State of the Homeless 2009: How to Reduce Family Homelessness
Last week, Coalition for the Homeless released the tenth annual “State of the Homeless” report, which documented how the economic recession, coupled with the worsening housing affordability crunch, has driven family homelessness in New York City to record levels. The full 41-page report can be downloaded here.
This year’s report focused on one way the City of New York can actually reduce family homelessness even in the midst of the economic downturn: By reversing a failed, four-year-old Bloomberg administration policy that effectively cuts off homeless families from receiving Federal housing assistance. This misguided administration policy flies in the face of the growing body of academic research proving that Federal housing programs – in particular Section 8 rental vouchers – successfully reduce family homelessness.
A New York Times article about the Coalition’s report and Mayor Bloomberg’s policy noted that, “At the time, city officials said that…they believed that some families purposely entered shelters as a shortcut to receive housing vouchers, and that once the practice was stopped, the number of families applying for emergency shelter would decrease….Over time, predictions by city officials were proven wrong: The number of families in shelters has increased since 2004….More new families entered the shelter system in 2008 than in any year since the 1980s, according to the coalition’s report.”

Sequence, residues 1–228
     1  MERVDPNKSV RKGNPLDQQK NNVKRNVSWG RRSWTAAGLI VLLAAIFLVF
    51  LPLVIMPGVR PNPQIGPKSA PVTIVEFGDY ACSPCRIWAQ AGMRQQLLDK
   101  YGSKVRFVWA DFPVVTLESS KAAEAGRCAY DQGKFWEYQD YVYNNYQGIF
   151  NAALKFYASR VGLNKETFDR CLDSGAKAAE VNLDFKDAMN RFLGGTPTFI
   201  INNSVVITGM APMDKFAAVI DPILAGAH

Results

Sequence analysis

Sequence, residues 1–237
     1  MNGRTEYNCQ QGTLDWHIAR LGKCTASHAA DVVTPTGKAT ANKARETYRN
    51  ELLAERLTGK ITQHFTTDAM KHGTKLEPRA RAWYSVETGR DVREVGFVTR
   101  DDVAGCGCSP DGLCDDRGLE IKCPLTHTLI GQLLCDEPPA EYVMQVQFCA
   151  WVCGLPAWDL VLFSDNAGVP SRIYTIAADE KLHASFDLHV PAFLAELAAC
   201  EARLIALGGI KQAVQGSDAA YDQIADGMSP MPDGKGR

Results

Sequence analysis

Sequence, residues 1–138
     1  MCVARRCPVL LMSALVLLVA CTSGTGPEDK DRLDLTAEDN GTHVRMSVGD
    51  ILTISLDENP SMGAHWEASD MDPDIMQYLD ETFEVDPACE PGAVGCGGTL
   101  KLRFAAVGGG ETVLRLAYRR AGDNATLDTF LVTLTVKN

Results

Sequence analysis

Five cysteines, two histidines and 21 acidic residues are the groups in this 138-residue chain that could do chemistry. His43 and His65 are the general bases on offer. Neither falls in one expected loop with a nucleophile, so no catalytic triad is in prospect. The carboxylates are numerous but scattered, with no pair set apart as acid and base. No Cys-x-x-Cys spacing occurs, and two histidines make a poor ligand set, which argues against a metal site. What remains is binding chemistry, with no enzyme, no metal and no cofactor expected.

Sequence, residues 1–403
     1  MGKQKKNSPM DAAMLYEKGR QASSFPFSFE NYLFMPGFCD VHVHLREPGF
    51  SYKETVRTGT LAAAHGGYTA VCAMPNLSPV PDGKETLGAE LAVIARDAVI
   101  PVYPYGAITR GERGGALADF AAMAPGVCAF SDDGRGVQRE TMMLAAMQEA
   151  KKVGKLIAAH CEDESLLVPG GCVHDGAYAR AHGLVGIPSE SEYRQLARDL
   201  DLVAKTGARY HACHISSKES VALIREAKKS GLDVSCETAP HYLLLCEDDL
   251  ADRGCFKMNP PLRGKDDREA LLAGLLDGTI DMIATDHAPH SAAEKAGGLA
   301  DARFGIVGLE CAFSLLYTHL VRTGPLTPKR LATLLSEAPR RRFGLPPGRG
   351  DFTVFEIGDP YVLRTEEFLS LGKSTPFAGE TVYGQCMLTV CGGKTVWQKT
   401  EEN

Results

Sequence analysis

We are hopeful that the “State of the Homeless 2009” report will help re-ignite the public debate about this critical policy issue, particularly in this time of rising homelessness. However, we were perplexed by the comments of the New York City Department of Homeless Services spokesperson quoted in the New York Times article who said that the Coalition is “proposing failed solutions…”
In fact, Federal housing programs are a proven, effective solution to family homelessness. As our report notes, studies by researchers from the National Alliance to End Homelessness, New York University, Columbia University, and the University of Pennsylvania have all documented how Federal housing vouchers successfully help homeless families move from shelters to permanent housing and help them remain stably housed. Indeed, the NYC Department of Homeless Services itself commissioned a 2005 report by the Vera Institute of Justice that came to the same conclusion: “Across all cohorts and follow-up periods, those families exiting to subsidized housing exhibited the lowest rates of reentry. Subsidized housing appears to be associated with better protection against shelter return than exiting to one’s own housing, other destinations, or unknown arrangements.” The full report can be found on the NYC Department of Homeless Services website, and we urge Bloomberg administration officials to review it.